The Kuomintang—traditionally one of Taiwan’s two major political parties—is fielding Hou Yu-ih, the mayor of New Taipei City, which surrounds the capital Taipei. The popular city leader won re-election by a 25 percentage point margin last November. While Hou has not explicitly stated what his approach to China will be, he’s pushed for a mix of deterrence, dialogue and de-escalation while on the campaign trail. (The KMT has traditionally supported eventual unification with mainland China)
Yet the KMT is now challenged by a new party, the Taiwan People’s Party led by former Taipei mayor Ko-Wen Je. The party describes itself as sitting in between the more independence-leaning DPP and unification-leaning KMT. The TPP says its ideology is based on improving lives as opposed to being caught in ideological battles as the “key distinction between us and other political parties”.
Ko himself says he supports dialogue with China; he’s also promised no “surprises” for the U.S., and has also expressed wariness about TSMC’s plans to invest overseas. Yet the former mayor is also known for his frank and, at times, sexist comments, notes Bloomberg.
For months, the KMT and TPP have discussed running as a unity ticket to avoid splitting the opposition vote. The two parties have already agreed to cooperate in the legislative elections, also happening on Jan. 13.
Both Hou and Ko are still in negotiations about a joint presidential ticket. The two candidates shocked observers on Nov. 15 by announcing that they would run together, with the lead candidate determined by who was ahead recent polling—then the agreement almost immediately hit a stumbling block due to disagreements on how to understand the data.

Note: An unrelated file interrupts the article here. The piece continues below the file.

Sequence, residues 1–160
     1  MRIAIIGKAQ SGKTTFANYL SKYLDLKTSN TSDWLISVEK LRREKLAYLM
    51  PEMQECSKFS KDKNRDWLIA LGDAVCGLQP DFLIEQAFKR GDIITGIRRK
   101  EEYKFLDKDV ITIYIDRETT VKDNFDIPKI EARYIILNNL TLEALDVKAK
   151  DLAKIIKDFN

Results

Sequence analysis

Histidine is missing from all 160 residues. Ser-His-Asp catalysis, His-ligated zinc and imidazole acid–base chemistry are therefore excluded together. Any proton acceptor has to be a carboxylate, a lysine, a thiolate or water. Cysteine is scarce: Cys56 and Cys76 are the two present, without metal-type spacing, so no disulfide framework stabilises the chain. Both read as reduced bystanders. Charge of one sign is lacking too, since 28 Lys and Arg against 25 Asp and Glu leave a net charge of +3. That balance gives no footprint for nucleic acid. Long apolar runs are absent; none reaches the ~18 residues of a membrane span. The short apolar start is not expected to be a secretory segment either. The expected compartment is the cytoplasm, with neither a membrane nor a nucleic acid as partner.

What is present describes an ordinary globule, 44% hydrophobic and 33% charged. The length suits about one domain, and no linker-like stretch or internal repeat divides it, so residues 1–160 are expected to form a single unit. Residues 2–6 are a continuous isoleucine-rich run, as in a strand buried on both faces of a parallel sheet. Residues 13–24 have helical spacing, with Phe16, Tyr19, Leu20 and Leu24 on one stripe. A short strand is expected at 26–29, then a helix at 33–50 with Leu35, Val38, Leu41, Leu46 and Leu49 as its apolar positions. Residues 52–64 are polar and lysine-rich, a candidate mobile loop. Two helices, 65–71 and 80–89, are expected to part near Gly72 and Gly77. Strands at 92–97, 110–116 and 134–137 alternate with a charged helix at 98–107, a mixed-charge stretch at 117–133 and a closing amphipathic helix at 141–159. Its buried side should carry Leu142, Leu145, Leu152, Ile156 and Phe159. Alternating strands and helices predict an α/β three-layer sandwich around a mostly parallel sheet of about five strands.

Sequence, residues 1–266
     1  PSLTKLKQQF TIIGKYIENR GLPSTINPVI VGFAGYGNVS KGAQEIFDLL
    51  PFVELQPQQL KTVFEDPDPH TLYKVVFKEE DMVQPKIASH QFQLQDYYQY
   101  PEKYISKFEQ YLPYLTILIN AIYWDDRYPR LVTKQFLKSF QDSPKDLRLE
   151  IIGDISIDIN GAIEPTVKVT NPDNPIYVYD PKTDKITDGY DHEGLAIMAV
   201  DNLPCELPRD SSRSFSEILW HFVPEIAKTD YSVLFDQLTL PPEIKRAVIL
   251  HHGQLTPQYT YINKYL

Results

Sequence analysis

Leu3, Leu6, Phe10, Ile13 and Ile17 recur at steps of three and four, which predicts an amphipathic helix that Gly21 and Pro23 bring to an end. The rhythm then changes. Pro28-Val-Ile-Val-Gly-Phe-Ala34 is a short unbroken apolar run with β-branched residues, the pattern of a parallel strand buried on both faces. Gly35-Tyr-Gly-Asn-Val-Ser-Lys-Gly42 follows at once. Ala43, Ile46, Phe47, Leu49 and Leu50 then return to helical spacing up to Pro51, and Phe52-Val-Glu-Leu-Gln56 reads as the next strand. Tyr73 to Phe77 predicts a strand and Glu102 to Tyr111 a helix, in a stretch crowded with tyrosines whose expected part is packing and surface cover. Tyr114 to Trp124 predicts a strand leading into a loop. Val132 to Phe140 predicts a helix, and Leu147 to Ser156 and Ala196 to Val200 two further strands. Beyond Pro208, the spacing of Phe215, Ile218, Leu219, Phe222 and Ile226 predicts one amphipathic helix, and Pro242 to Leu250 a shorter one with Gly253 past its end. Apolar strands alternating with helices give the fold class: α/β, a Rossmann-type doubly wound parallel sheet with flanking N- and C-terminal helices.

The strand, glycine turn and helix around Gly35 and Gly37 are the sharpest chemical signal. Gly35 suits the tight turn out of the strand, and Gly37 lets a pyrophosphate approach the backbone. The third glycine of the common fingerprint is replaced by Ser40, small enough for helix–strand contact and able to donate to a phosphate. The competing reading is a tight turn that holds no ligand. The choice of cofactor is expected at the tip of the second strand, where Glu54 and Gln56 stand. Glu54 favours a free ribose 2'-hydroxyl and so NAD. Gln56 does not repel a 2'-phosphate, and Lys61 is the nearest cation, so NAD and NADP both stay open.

Even if a joint ticket comes together, the chaos around its formation could disappoint opposition voters, who are hoping for a viable alternative to the DPP, says Hilton Yip, a Taiwan-based journalist and news analyst.
A tycoon wildcard
A billionaire candidate makes up the final unknown in Taiwan’s presidential race.
Earlier this year, Foxconn founder Terry Gou announced that he would run as an independent candidate, in a bombastic press conference where he said he was running to stop Taiwan becoming the “next Ukraine.” His next big announcement was his choice of running mate: actress Tammy Lai, who herself played a presidential candidate on the Taiwanese Netflix show Wave Makers.
This is Gou’s second shot at the presidency: In 2019, he attempted to run as a member of the KMT, but lost the presidential primary.
Gou promised “50 years of peace to the Taiwan strait” when he announced his presidential bid in August and also highlighted his expertise in business. In an op-ed for the Washington Post earlier this year, he called for new talks between China and Taiwan under the “One China” framing.
Foxconn, also known as Hon Hai Precision Industry, makes electronics for brands like Apple, Dell and Sony, and is the largest private employer in mainland China. Gou stepped down as Foxconn’s chair ahead of his previous shot at the presidency, and left the board entirely in September, though he still has a significant stake in the company; Gou claims he isn’t worried about Beijing pressuring him through his business ties.
For now, Gou seems set to be little more than a spoiler candidate: He has consistently come in fourth place in presidential polling.